Share this post:
Don’t give money to strangers!
Australians are being scammed and are losing money. Somehow when a stranger calls and says, “We’re the Tax Office, you owe us money. Pay up. With iTunes cards,” people who ordinarily perform and function well in everyday life hand over money to strangers.
What’s the trick?
Part of the conman’s trick here is to use technology to make the call more credible. The scammer tampers with the Calling Line ID so the call looks like it has come from the Australian Tax Office.
Scams have increased as more people and organisations use the internet. Scammers launch cybersecurity attacks over the internet. They digitally break into organisations such as banks and collect personal customer information that is used in subsequent scams.
With scams, the scammer contacts the intended victim directly, over the internet and over the traditional telecommunications network. The intended victim’s own personal information stolen in the earlier break-in is used to make the fake demand for money more credible. This tricks the victim into thinking the unsolicited contact is legitimate – the victim is deceived or coerced into releasing money.
Who’s responsible? (Don’t blame technology).
Yes, someone should do something about scams, but the sad reality is we all contribute to helping scammers. This is because the technology to reduce risk of scams exists today. Stopping scams is not a technology challenge.
The bank which has its customers’ data stolen in cybersecurity attacks needs to improve its security. The telco which doesn’t block known scams within its network needs to implement basic, decades old Intelligent Network technology. The Intelligent Network call routing function can identify and stop suspicious calls before they arrive at the handset.
The government also contributes to making scams easier because it does not compel the telcos to implement scam call blocking, . The Australian Government needs to remove obstacles to telcos blocking known scams, much in the same way the US Federal Communications Commission is doing. The government can also educate the community on the risk of scams and what to look for. The Australian Communications Media Authority recently released a discussion paper on combating scams and it is expected this will lead to a better policy and improved regulations.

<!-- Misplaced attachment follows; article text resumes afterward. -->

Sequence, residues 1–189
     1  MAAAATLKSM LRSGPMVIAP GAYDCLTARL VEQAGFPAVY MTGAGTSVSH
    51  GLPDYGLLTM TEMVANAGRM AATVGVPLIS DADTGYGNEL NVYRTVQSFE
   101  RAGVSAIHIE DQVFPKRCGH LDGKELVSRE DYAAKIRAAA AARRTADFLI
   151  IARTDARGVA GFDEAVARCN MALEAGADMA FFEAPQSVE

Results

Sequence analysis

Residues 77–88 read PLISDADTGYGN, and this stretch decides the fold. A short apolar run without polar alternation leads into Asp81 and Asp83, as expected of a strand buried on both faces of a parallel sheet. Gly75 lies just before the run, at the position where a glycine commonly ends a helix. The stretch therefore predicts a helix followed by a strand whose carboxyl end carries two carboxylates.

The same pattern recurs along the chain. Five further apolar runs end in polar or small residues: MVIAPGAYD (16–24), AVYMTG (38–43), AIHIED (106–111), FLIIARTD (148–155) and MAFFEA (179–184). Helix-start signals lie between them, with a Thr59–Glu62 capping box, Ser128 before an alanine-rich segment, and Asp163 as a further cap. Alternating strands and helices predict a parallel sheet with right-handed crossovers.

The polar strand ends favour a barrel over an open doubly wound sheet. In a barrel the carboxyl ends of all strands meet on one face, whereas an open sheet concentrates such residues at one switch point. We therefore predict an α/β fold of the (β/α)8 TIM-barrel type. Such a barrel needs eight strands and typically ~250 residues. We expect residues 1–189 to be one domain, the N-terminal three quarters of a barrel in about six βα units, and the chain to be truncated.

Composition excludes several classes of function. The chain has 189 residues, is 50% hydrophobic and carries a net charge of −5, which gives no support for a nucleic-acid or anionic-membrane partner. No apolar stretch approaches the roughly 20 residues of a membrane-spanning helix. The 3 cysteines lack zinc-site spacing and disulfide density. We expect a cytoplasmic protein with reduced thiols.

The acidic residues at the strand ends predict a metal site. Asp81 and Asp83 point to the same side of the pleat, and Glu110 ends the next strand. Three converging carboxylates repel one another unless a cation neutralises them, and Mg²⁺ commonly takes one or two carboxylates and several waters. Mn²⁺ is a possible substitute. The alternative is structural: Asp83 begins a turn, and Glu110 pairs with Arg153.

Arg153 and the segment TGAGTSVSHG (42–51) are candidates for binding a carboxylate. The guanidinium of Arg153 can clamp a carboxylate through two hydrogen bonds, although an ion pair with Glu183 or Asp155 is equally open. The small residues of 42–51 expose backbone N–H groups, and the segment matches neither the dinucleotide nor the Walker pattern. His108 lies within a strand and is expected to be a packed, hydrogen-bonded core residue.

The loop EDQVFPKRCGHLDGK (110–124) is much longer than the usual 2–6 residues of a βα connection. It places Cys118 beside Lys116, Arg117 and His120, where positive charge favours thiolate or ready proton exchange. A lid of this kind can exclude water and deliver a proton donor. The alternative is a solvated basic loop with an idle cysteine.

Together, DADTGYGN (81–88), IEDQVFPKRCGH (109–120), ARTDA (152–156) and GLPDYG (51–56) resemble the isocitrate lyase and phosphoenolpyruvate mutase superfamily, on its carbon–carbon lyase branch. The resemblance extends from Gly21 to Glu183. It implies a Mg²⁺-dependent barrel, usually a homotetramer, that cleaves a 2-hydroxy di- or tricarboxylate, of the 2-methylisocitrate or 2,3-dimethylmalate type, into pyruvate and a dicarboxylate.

The individual being scammed is of course partly at fault here. As a minimum, we all should install a scam-detection app. I have the hiya app on my phone and it warns me, when the mobile phone is ringing, that the inbound call could be a scam.
All of these steps will incrementally reduce risk of scams but I’m not so naïve as to think these steps by themselves will make scams disappear altogether. Conmen were around before the start of this digital age, they will persist and their scams will evolve. Our response also needs to evolve.
Which brings me to the key entity which makes things easier for conmen and scammers – the internet itself.
The internet is also to blame.
While the internet is increasingly useful and ubiquitous, its original design as a network service lacked intrinsic features such as identification and privacy necessary to protect users from scammers.
This risk increases as more Internet of Thing end points come online. As The Economist points out, “All those devices need to be able to verify who is using them. Nobody wants a hacker opening their garage door or adjusting the heating.”
In the medium term, digital identification and privacy standards such as Self Sovereign Identity (or Sovrin, based on Blockchain) will become part of the fabric of the internet. Traditional telecommunications networks are evolving from Intelligent Network appliances to Network Cloud running on internet technologies including Digital Identity. Digital Identity will be embedded into the fabric of both the internet and telecommunications networks, giving rise to a “Trusted Internet”.
Users will have confidence they are communicating with legitimate entities.
Australia can lead.
IBM develops its Digital Identity products for the global market at the IBM Security Lab in the Gold Coast. This means that today in Australia we are well positioned to take the lead and put Digital Identify to work, to not only reduce scams but be a leader in creating the “Trusted Internet”. We can start making the internet more secure, more trusted and more private.